Audi opened the e-gas plant in Werlte yesterday, making it the first automobile manufacturer to develop a chain of sustainable energy carriers. It begins with green electricity, water and carbon dioxide. The end products are hydrogen and the synthetic methane: Audi e-gas.
Audi says it’s the first automaker to “develop a chain of sustainable energy carriers.”
“The power-to-gas facility we built in Werlte can become a beacon project for the entire energy revolution, far beyond the boundaries of our company,” Peter Altmaier, German Federal Minister of the Environment, Nature Conservation and Nuclear Safety, said at the inaugural ceremony, as quoted in the Audi press release.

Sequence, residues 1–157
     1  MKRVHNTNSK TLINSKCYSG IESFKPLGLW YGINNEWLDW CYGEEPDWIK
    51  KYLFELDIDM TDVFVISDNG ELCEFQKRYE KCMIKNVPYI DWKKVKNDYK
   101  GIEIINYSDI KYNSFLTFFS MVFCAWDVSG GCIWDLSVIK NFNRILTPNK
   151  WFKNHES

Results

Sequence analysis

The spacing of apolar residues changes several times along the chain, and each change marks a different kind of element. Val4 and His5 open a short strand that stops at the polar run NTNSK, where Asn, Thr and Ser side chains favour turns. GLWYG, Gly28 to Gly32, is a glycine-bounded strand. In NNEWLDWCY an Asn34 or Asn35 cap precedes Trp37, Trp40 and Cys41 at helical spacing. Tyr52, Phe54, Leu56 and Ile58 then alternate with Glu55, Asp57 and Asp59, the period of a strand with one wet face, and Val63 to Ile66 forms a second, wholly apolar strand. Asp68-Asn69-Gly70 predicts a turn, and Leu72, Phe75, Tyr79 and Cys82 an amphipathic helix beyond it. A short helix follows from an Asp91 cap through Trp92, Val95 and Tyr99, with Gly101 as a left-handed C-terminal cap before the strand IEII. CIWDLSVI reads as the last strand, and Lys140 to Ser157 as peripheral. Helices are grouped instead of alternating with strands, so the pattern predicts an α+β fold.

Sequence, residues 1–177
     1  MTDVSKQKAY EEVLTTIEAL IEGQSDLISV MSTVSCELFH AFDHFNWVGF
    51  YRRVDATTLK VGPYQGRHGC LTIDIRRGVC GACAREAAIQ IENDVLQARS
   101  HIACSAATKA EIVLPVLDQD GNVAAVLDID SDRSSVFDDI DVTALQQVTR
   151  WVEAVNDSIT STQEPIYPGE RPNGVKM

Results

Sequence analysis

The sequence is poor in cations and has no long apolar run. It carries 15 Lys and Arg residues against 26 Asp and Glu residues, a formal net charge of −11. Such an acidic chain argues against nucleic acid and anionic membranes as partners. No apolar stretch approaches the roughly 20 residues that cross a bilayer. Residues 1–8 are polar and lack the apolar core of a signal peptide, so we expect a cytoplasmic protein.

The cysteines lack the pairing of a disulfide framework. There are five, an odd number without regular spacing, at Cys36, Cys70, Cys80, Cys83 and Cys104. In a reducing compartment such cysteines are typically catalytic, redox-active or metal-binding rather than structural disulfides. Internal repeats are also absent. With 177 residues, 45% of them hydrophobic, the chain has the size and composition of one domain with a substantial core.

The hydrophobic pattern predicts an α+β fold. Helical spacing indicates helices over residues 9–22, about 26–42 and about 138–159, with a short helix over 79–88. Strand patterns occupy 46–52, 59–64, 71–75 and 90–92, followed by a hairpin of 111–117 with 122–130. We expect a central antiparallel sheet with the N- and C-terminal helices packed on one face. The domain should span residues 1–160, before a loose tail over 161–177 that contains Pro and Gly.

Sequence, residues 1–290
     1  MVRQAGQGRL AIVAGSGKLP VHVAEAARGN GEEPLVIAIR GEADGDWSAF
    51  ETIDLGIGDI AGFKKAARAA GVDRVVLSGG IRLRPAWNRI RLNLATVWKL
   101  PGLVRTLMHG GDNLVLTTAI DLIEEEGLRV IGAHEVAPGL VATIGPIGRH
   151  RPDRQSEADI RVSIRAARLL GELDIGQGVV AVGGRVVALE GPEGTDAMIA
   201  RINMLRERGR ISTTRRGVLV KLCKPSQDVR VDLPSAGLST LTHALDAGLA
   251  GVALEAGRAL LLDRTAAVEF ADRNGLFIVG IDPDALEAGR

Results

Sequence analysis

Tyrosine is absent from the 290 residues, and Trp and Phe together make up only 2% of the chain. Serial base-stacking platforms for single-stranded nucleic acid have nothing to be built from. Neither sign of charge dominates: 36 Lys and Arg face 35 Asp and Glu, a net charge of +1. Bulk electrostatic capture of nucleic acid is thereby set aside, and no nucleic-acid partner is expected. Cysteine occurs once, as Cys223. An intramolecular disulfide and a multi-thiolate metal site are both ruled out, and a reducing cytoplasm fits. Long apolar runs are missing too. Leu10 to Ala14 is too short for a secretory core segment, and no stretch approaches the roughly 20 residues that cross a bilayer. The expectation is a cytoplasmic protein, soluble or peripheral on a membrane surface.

The Audi E-gas plant uses electrolysis to split water molecules into oxygen and hydrogen, which will someday power fuel-cell vehicles. For now, methanation is the process used to make the synthetic natural gas. Audi reacts the hydrogen with CO2 to generate renewable synthetic methane. The E-gas can be delivered through existing natural gas pipes since, chemically speaking, it’s nearly identical to natural gas. Delivery of E-gas through the infrastructure is scheduled to start in the fall of 2013.
There could be another reason for building the plant beyond sustainability. New vehicle sales in Europe are experiencing a serious downturn. Analysts also say that global OEMs are starting to transform their identities from “automakers” to “mobility companies,” so Audi’s e-gas plant could cover a few strategic agendas. Interesting thought, don’t you think?